By Derek Lavallee - 01/18/07 12:00 AM EST
I’m often asked, “What is the best way to learn about wine?” The simple answer is to drink it more frequently and thoughtfully. Here are some easy things to try if increasing your wine IQ is on your list of New Year’s resolutions.
Use a decanter. I know you’re thinking, “Decanters are for people in mansions with butlers.” Consider this: Your nose can distinguish 10,000 different scents and is responsible for 80 percent of what you taste. Oxygen releases unique aromas and appreciating them is the key to truly experiencing wine. Simply popping a cork and “letting it breathe” doesn’t accomplish anything because the surface area at the top of a bottle, where liquid and air meet, is about the size of a nickel. Decanting is not difficult; dumping out a bottle requires very little time, skill or energy. And the decanter doesn’t have to be fancy — a coffee pot, an old vase, anything is better than pouring directly from the bottle into your glass. Once you’ve transferred the wine, swirl it around, mix it up. You’ll be amazed at what you smell and taste.
Find at least one wine you like and buy a case. You’re going to drink it sooner or later, and you’ll save both money and time. Wine shops will give you a 10 to 15 percent discount when ordering a case or more, and you’ll eliminate the hassle of having to stop somewhere after a long day to pick up a bottle for dinner.
Try new wines routinely. Recently my wife was driving us home from the park when she made an unexpected left turn. When I inquired about the diversion she explained she was tired of driving home the same way every day, stopping at the same lights and gazing upon the same houses. I was quietly reminded that we all fall into ruts. With hundreds of thousands of wines from all over the world on the market, there is no excuse for drinking the same few California Chardonnays and Merlots just because they are familiar. Resolve to try something new at least once a month.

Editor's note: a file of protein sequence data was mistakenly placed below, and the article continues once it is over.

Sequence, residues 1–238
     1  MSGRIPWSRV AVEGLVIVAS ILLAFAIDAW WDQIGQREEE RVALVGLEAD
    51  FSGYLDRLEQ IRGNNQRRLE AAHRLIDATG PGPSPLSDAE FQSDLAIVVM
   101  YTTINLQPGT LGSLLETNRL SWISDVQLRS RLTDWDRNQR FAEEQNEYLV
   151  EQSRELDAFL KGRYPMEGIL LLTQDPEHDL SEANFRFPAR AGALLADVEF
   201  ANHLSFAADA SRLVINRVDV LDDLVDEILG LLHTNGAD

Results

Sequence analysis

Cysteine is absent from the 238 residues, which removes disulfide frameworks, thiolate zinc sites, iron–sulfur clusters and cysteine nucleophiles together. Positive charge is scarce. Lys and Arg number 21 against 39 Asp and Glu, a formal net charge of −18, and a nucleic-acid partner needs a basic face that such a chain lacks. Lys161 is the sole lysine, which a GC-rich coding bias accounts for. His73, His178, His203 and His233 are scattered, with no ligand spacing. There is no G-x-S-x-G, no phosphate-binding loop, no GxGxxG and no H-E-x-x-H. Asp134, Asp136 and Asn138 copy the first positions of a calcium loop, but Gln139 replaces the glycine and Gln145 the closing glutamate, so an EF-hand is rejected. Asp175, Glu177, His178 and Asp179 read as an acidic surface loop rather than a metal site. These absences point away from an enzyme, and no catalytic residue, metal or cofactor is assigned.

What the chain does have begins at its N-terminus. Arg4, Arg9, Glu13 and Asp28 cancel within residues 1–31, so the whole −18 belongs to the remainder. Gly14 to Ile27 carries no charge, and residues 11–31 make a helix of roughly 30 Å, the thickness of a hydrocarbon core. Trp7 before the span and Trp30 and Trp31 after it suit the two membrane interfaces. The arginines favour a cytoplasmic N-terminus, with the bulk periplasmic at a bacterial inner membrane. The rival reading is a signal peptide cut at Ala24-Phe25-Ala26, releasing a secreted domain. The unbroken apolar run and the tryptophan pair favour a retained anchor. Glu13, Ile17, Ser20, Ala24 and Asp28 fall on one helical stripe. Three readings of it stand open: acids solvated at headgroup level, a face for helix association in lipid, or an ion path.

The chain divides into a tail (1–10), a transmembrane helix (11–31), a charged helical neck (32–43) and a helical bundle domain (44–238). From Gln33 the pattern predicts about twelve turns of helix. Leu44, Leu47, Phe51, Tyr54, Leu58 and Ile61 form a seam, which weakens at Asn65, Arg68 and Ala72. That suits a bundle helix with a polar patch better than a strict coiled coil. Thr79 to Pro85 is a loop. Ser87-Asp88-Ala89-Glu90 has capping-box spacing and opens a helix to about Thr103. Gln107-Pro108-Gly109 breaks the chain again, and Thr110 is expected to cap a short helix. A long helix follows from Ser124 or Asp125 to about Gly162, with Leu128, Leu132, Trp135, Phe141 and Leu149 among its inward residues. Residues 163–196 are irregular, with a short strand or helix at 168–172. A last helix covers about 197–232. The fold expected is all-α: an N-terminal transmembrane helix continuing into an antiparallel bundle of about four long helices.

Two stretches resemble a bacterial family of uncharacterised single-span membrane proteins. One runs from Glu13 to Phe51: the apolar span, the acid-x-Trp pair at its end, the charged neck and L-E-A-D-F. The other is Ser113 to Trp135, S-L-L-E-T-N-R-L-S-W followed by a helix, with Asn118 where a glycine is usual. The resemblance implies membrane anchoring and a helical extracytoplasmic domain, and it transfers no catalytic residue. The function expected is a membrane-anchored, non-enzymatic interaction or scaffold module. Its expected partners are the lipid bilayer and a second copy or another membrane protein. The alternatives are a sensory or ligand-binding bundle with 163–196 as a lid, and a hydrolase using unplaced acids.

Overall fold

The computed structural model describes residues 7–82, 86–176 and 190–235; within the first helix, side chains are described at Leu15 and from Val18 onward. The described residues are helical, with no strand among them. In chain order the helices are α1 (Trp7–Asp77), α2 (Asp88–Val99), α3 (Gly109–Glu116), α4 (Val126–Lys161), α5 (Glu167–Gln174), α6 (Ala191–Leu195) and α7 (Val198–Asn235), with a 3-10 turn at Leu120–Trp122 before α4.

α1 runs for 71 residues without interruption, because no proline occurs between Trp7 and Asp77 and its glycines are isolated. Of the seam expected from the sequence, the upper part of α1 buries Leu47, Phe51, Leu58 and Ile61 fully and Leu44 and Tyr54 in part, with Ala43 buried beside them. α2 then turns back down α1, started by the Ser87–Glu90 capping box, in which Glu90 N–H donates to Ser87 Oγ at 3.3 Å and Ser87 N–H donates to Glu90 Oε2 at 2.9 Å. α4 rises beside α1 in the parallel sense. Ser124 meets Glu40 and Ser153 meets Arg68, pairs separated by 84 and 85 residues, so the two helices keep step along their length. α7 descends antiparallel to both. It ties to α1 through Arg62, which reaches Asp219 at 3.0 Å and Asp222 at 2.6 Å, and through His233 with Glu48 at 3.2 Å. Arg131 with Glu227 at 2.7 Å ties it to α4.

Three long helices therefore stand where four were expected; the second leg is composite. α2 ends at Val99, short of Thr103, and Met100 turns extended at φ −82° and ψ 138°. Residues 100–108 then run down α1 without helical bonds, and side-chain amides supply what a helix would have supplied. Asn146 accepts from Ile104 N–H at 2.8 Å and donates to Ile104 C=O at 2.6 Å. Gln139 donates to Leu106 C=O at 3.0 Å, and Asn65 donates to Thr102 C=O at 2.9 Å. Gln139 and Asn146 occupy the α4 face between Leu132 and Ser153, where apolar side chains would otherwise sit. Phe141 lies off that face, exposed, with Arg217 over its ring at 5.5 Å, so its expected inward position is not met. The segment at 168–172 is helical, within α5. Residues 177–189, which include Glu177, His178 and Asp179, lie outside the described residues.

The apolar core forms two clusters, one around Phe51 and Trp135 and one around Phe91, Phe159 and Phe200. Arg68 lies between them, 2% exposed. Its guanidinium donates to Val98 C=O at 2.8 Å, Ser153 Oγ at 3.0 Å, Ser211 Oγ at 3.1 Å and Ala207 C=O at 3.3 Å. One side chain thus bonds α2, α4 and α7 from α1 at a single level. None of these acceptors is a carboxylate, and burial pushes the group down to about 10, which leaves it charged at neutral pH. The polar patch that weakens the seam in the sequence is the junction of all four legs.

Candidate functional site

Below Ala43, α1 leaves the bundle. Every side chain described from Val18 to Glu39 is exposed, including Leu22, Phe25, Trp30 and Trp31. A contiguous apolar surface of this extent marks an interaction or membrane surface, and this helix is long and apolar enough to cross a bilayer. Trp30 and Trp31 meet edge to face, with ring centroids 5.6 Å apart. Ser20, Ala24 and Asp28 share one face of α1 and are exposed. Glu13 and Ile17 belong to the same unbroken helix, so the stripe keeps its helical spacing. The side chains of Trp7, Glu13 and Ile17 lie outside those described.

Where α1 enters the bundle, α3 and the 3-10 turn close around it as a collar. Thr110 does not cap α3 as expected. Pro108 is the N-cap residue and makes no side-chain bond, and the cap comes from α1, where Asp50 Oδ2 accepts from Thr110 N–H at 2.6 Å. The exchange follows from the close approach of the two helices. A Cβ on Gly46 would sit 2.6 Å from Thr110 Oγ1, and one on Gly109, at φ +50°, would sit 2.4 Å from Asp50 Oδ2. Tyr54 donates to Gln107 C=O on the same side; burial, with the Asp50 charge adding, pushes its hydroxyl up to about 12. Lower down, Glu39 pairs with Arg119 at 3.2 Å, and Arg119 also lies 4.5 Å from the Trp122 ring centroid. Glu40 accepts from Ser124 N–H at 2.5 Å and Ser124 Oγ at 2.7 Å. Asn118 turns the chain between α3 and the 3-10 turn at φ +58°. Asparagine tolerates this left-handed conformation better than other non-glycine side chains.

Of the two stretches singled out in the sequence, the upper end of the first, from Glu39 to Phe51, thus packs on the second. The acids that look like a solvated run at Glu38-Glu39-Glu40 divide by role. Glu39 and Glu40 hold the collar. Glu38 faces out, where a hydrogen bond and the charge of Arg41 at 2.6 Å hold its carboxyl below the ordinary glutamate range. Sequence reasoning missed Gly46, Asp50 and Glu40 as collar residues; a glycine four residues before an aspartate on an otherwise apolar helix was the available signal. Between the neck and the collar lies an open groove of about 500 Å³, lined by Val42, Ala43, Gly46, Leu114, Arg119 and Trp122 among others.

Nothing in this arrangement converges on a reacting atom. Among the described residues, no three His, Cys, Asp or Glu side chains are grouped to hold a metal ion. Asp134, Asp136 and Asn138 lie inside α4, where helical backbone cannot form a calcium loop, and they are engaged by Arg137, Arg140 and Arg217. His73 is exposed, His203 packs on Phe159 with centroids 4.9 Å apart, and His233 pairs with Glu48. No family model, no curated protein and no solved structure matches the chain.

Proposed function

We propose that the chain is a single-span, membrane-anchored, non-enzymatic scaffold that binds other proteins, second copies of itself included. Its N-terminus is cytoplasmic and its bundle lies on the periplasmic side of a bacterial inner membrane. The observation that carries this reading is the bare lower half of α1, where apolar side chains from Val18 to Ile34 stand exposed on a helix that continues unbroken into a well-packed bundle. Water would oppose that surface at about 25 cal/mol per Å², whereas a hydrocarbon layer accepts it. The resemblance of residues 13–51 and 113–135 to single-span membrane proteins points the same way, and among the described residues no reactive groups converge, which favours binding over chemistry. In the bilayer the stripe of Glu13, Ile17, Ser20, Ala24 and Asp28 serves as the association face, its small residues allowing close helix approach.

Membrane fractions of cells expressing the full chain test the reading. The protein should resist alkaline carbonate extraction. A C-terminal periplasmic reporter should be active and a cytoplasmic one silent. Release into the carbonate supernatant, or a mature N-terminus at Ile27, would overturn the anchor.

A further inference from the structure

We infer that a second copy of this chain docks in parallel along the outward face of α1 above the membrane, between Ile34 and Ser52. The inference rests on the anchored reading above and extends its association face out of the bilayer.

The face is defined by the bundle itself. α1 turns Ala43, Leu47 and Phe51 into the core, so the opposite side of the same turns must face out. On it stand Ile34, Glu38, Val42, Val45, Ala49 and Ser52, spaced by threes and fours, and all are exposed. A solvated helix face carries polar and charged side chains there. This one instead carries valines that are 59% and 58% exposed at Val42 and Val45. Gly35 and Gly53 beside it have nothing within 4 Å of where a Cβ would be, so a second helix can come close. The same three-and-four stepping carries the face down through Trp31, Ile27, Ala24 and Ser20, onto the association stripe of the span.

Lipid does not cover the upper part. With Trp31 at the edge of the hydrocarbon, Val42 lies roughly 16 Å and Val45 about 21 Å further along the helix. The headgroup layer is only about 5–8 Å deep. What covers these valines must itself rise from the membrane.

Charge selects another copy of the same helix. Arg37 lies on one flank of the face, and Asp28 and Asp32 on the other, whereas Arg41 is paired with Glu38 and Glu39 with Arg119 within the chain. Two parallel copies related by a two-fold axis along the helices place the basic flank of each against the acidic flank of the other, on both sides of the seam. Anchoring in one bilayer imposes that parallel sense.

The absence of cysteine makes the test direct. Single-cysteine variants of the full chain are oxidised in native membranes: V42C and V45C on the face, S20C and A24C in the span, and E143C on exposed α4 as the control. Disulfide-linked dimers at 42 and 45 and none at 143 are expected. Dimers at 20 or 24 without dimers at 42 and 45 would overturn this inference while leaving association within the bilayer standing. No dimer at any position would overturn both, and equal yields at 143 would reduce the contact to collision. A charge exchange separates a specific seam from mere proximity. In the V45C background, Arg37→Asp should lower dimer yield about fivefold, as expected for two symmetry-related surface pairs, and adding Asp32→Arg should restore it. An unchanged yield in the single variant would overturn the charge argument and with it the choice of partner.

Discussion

Start with Don Miguel Gascon’s Malbec, Argentina ($10.99). Malbec is a grape that was traditionally blended with Cabernet Sauvignon and Merlot to make the great wines of Bordeaux. It is now thriving high in the Andes. This bold bottle boasts loads of blackberry, chocolate and spice. It is widely available in corner stores and supermarkets on the Hill, so buy it before its price catches up to its quality.
Drink wine blindly. A scientist named Frederic Brochet once served one wine to a focus group in two separate bottles, one labeled as cheap table wine, the other with a higher pedigree. Predictably, the group rated the seemingly expensive wine more favorably. There is no better way to learn how to appreciate wine than by tasting it without the influence of expectation. Invite some friends over and ask each of them to bring a bottle. Agree on a common denominator such as “Sauvignon Blancs under $20” or “Zinfandels from Napa Valley.” Bag the wines and taste them without knowing which bottle you are drinking. Freed from preconceived notions, you’ll be forced to evaluate honestly each wine based solely on your individual experience. Remember that wine tasting is entirely subjective, and the real definition of a “good wine” is any one that tastes good to you.